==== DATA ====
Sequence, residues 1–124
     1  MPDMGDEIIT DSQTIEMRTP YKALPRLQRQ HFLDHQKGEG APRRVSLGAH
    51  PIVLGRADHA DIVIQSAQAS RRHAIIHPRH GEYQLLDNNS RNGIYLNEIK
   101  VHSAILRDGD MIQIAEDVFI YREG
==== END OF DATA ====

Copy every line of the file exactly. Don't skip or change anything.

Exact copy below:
Sequence, residues 1–124
     1  MPDMGDEIIT DSQTIEMRTP YKALPRLQRQ HFLDHQKGEG APRRVSLGAH
    51  PIVLGRADHA DIVIQSAQAS RRHAIIHPRH GEYQLLDNNS RNGIYLNEIK
   101  VHSAILRDGD MIQIAEDVFI YREG